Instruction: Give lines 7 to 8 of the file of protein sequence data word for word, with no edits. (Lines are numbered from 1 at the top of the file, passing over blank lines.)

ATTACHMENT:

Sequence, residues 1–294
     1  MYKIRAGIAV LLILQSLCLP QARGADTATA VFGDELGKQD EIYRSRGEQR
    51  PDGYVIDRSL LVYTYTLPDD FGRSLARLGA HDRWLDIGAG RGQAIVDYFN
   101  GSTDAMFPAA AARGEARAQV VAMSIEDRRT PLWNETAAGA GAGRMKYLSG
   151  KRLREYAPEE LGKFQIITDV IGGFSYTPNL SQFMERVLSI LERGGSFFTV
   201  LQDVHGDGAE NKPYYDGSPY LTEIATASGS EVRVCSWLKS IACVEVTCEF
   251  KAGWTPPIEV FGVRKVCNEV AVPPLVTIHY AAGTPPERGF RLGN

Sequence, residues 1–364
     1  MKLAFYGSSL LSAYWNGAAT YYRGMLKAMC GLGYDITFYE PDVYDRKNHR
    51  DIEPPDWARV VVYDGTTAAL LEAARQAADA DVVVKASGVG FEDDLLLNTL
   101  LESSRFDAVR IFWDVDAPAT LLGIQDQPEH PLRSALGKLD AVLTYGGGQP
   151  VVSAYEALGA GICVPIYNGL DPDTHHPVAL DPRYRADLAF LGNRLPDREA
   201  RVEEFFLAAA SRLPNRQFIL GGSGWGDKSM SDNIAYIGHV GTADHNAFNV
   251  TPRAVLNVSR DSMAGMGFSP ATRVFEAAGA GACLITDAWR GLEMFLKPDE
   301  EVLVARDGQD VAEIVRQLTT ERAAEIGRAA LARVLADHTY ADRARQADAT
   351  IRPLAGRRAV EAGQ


   251  KAGWTPPIEV FGVRKVCNEV AVPPLVTIHY AAGTPPERGF RLGN

Sequence, residues 1–364